In accordance with the present invention, a method, program product, and system enable a user to visually program iterative applications using an iterator link object. A graphical user interface of the present invention creates an iconic representation of the iterator link object. The iterator link object allows the user to removably link a source object having multiple elements to a target object. On the occurrence of a trigger event, the iterator link object iterates an action over each individual element of the source object and is targeted toward the target object. As a result, the user can visually link source objects having multiple elements, such as an array of names, to a target object. Consequently, iterator link objects enable users to visually program applications that require iteration without having to use a programming language. Furthermore, by utilizing more than one iterator link object, linked objects can be chained linked to other linked objects.
FIG. 1 is a block diagram of a prior art computer system for use with the present invention.
FIG. 2 is an illustration of a display having icons disposed thereon for implementing the present invention.
FIG. 3 is an illustration of the display having the icons linked together in accordance with the present invention.
FIG. 4 is an illustration of a properties window associated with an iterator link object in accordance with the present invention.
FIG. 5 is an illustration of the properties window having a drop-down list associated with a particular property.
FIG. 6 is an illustration of the display having two icons chained linked to another icon in accordance with the present invention.
FIG. 7 is a listing of code that sets forth the logic flow for event handling associated with the link object and properties window in accordance with the preset invention.
FIG. 8 is a listing of code that sets forth the logic flow for event handling associated with the trigger object and iteration in accordance with the present invention.
The present invention is preferably practiced in a suitable representative hardware configuration, such as the hardware configuration illustrated in FIG. 1. Workstation 100 comprises any suitable central processing unit 10, such as a conventional microprocessor, and a number of other units interconnected via system bus 12. Illustratively, workstation 100 comprises Random Access Memory (RAM) 14, Read Only Memory (ROM) 16, display adapter 36 for connecting system bus 12 to display device 38, and I/O adapter 18 for connecting peripheral devices (e.g. disk and tape drives 20) to system bus 12. Workstation 100 further comprises user interface adapter 22 for connecting keyboard 24, mouse 26, speaker 28, microphone 32, and/or other user interface devices, such as a touch screen device (not shown), to system bus 12. Communication adapter 34 connects workstation 100 to a data processing network.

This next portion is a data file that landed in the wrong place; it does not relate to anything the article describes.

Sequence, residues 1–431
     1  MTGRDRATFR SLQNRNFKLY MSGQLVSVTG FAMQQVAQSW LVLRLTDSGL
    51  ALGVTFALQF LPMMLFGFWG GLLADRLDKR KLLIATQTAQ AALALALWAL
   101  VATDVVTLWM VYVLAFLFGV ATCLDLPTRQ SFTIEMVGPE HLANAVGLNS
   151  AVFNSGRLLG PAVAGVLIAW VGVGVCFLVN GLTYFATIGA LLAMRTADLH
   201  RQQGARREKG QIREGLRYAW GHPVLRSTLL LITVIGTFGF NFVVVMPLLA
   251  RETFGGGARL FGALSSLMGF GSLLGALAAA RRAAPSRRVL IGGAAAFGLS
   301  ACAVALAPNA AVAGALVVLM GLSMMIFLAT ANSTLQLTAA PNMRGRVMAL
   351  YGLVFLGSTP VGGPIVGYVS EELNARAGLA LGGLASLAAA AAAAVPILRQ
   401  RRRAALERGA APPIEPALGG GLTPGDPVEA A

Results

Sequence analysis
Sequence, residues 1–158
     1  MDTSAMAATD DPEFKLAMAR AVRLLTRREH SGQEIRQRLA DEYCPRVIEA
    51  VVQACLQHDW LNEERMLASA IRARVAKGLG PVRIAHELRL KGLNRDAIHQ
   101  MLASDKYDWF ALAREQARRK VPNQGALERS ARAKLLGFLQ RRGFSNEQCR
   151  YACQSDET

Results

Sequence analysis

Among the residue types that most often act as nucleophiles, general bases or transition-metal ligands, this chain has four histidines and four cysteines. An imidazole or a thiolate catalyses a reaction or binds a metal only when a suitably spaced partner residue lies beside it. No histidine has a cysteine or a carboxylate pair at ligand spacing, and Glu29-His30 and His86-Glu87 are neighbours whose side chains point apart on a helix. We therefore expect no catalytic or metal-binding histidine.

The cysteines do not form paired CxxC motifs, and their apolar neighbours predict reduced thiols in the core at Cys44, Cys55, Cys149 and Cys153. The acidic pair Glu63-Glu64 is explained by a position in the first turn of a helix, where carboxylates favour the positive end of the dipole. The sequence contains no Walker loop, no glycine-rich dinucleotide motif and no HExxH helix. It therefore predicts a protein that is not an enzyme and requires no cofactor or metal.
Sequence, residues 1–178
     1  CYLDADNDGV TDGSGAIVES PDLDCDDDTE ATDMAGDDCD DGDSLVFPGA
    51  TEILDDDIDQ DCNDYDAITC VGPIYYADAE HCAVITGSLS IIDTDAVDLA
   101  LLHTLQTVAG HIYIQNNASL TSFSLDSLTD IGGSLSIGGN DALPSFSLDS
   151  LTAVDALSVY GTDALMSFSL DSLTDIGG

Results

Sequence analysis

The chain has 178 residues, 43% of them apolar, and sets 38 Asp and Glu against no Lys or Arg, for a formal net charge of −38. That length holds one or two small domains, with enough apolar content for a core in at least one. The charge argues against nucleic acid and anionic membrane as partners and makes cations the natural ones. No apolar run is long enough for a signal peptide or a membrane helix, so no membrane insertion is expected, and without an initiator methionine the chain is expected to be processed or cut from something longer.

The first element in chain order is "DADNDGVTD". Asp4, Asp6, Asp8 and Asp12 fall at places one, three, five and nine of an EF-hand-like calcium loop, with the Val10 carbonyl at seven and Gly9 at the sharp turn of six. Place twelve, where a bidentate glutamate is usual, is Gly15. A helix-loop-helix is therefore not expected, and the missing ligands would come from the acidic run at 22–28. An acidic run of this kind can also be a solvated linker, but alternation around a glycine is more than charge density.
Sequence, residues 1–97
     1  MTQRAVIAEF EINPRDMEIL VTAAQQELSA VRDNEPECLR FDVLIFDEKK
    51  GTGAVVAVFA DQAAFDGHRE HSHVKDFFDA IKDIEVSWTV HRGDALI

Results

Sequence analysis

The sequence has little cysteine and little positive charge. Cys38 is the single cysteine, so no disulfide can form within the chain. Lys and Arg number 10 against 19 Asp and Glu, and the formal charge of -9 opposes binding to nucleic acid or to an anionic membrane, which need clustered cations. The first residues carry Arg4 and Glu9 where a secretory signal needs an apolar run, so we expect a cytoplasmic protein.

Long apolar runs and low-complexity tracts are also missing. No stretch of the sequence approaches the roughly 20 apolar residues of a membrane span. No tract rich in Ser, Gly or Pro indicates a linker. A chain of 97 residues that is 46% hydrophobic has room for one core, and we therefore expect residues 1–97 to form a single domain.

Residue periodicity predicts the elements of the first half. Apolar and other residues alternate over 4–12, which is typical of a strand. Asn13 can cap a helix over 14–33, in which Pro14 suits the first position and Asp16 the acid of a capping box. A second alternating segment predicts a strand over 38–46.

The present invention comprises a computer program which resides within a machine-readable media to direct the operation of workstation 100. Any suitable machine-readable media may retain the computer-program, such as RAM 14, ROM 16, a magnetic diskette, magnetic tape, or optical disk (the last three being located in disk and tape drives 20). The program controls workstation 100 to visually build an iterative link object and display it on display device 38 (described herein).
The present invention may be incorporated into any suitable visual programming product, such as word processors, spreadsheets, WINDOWS«, UNIX« operating system, AIX« operating system, OS/2« operating system, Mircosoft's« VisualBasic, or Digitalk's« PARTS Visual Builder. Illustratively, by incorporating the present invention into a suitable word processor, the user can visually create a macro or script that provides some word processing function iteratively over selected portions of the document.